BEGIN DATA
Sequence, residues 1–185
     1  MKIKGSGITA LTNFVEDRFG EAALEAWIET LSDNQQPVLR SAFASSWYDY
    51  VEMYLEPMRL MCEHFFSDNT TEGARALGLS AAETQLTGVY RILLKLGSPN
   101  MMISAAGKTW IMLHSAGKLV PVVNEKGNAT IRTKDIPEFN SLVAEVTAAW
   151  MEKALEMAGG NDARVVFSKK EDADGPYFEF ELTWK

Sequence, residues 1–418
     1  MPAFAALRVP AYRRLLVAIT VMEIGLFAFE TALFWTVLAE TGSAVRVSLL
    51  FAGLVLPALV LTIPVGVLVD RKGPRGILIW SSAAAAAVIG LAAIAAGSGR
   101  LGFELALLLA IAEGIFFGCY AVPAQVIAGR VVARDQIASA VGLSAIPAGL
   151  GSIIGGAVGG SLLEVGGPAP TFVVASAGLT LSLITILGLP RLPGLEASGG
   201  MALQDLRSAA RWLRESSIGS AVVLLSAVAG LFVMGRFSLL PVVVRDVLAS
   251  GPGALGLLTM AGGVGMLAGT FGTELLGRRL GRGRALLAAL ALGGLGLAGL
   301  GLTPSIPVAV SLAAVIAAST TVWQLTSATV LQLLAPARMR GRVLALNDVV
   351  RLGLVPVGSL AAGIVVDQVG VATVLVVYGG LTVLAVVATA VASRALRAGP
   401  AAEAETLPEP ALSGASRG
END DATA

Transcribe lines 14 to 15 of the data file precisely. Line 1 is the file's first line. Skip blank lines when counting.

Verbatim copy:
   351  RLGLVPVGSL AAGIVVDQVG VATVLVVYGG LTVLAVVATA VASRALRAGP
   401  AAEAETLPEP ALSGASRG